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About Alan
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    Advanced Member
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  • Gender Male
  • Location Hampshire
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  1. Rejuvenating an old rusty Spade

    SORRY. We did save you one though.
  2. Calf dozer

    Something different.
  3. OK Norm. Message received and understood. I'll see what I can do.
  4. Happy birthday Harryt

    Happy Birthday Harry. Hope you had a good one.
  5. Only Chris and I in the horticultural section today. Will there be more tomorrow. ? A selection of photo's as we know you all like photo's, especially Norm. A cutaway Gardner engine. The remains of a Scammell open top Fire Engine. A good weekend project for someone. Mr Showman ? Fire Engine, RED paint. OK, maybe not. An unusual tracked Mobility Scooter. Something else which Norm likes. A kit of parts and the end result. And the last for today. The first tractor which friend John bought years ago. Now in the hands of a MoM member.
  6. Looks good Darren. Bet you are pleased with it. What next. .
  7. Belt-up

    I wonder what it can find to tow at Kingsfold.
  8. HALF a HORSE.

    The footrests were another item I had a few attempts at before finishing up with something that looked right in comparison with the rest of the build. One pair looked too long and narrow, another try ended up with the fold overs not being deep enough. Fairly quick to mark out and make so not too much hair pulled out. Again, made from the scrap 1mm alloy panels. The first attempts found a use elsewhere after being cut up. How to make the fenders. ? Simply bending up on the brake press wasn't thought viable due to the curves at each end, although I now think it could have been done with a bit of NON press work included. Also the corners would need alloy welding etc. Another possibility was making a plug and moulding in fiber glass. I decided to make these using built up layers of plasticard sheet reinforced with alloy. I already had a good stock of this plasticard. This resulted in very strong fenders. The plastic, welded together with liquid polystyrene cement, was thick enough to sand the curves on ends and sides. The alloy inserts were a very tight fit after making a few short trial sections to get the bends in the correct place. Also bolted at the corners although they wouldn't come out easily. The top of each footrest slides into the slot at the front of the fenders and will be bolted in place when finished.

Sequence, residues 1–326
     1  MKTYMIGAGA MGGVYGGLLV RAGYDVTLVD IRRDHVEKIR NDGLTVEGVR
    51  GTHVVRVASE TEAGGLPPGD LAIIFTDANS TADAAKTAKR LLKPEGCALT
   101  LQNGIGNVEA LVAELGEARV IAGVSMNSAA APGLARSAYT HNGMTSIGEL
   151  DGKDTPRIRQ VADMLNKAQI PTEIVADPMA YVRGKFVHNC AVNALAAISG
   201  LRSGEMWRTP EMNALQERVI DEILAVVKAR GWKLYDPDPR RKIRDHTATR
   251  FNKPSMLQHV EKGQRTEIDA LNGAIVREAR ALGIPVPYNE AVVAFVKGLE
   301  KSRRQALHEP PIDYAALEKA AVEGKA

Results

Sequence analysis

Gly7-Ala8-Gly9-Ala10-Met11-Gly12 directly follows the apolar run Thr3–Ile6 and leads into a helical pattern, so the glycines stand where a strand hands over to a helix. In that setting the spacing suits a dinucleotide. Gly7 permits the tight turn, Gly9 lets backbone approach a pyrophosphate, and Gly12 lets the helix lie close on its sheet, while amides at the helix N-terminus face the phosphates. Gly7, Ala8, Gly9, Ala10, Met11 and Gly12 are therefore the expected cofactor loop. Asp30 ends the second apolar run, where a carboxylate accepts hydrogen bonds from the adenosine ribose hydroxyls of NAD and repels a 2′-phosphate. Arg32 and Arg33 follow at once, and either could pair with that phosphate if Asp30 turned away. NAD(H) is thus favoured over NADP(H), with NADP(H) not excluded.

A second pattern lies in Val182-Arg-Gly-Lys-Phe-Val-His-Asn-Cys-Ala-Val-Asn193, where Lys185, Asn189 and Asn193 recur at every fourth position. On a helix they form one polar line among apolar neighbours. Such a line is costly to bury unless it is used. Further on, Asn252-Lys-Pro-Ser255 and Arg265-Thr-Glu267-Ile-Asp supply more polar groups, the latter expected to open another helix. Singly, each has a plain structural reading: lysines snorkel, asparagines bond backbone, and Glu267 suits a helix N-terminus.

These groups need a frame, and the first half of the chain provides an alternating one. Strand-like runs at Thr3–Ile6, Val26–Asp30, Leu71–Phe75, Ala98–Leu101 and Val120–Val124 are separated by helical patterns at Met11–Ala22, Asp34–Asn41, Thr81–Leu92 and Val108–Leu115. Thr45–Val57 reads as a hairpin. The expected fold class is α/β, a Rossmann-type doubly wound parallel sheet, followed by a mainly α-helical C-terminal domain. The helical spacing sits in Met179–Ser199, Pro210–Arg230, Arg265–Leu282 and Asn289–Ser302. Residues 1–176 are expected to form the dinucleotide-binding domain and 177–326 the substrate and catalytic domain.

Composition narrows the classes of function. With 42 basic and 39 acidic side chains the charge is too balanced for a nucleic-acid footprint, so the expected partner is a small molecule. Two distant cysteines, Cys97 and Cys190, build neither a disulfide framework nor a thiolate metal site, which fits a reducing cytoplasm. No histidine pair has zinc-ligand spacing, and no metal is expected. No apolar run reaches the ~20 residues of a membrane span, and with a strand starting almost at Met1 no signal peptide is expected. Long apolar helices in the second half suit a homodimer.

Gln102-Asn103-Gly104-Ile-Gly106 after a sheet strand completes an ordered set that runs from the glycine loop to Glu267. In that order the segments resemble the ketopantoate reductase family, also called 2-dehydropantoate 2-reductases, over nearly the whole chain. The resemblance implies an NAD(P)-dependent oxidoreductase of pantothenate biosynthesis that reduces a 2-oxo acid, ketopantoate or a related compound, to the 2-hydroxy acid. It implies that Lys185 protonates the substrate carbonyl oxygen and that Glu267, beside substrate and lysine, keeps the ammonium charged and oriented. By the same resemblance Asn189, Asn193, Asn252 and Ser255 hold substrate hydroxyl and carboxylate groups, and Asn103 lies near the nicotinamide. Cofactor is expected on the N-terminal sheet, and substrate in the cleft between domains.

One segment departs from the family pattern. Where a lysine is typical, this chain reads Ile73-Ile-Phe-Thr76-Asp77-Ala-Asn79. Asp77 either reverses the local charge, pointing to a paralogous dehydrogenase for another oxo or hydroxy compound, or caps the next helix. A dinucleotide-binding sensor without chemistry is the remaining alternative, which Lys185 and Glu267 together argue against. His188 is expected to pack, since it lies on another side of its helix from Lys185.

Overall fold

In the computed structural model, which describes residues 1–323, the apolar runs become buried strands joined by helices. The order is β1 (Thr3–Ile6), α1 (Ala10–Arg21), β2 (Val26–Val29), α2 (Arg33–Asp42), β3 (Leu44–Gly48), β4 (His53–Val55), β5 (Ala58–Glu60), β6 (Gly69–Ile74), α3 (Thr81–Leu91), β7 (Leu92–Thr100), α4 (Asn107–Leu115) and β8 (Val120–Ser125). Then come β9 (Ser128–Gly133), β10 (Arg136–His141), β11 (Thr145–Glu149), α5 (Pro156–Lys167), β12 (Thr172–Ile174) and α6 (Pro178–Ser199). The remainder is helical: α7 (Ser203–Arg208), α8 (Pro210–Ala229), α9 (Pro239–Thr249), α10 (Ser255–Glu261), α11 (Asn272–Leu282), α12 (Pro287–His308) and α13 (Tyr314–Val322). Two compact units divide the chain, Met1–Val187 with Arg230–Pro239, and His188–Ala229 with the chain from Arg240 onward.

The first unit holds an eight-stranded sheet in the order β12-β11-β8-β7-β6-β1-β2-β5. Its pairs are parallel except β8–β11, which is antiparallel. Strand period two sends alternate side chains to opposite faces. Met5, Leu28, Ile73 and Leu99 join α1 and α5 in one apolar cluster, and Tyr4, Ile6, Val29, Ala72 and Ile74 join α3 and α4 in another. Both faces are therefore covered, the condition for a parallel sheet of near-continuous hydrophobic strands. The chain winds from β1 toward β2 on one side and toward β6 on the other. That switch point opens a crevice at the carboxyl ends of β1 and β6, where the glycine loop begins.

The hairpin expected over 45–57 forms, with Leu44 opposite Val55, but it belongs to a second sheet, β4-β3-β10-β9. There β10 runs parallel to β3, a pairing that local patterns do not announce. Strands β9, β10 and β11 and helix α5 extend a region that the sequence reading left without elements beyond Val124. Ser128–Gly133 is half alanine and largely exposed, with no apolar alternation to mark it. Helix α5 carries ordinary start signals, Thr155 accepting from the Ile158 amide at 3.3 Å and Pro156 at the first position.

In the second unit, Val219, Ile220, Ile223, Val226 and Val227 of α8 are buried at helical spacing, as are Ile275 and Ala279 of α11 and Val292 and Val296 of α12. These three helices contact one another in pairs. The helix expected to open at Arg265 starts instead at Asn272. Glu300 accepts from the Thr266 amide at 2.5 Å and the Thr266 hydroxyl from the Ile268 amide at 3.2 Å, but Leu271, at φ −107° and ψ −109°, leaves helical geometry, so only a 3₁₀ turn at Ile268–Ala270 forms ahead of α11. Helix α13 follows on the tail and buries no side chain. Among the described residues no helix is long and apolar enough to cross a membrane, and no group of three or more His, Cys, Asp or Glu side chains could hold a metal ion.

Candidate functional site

9. Happy birthday DougC

    Happy Birthday Doug. Hope all your 64 burning candles telegraph poles fit on your cake.
  10. 1978 Westwood

    There was a Lawnbug at John's place. Sold it on eBay for £100 long before the big clear out started. Not sure what model but remember it was green with a white engine. Non runner and scruffy condition.
  11. Happy birthday Joseph

    Happy Birthday Joseph. Have fun.
  12. Have a seat.

    A repaired bird bath which leaks.
  13. Trailer please Chris. As if you didn't know.
  14. My entry pass etc arrived yesterday.
  15. HALF a HORSE.

    I think the next part I attempted was the dash assembly. Two 3/16" thick alloy panels were cut for the front and rear with a bent up alloy spacer pop riveted on. When first looking at photo's I had thought that both front and rear had an apex on the top surface. It was only after I had build number one well on the way that my man with the camera, tape and notebook, Iain, pointed out my mistake. I made three or four alterations, gradually reducing the front apex and leveling off the rear before it looked about right. These photo's are before any alterations. The outer shell was originally bent so that it finished on the underside and left oversize back and front for trimming later. The first attempt also looked too long when viewed from the side. This photo shows the top rear looking more like it should be. There were a lot of alterations and head scratching before the final result which included brackets bent up to hold front, rear and outer shell together. Also a strong mount for the steering column bush and cross beams for mounting to the upper side panels. Lots of assorted BA nuts and bolts were used which resulted in a very strong assembly. The brackets set at an angle on the front face are for the spring loaded hood locking catches, more of these later. The Steering column bush is a 1/2" socket cap screw drilled 5/16". I drilled two of these, the second for the steering wheel. This will also be described later.
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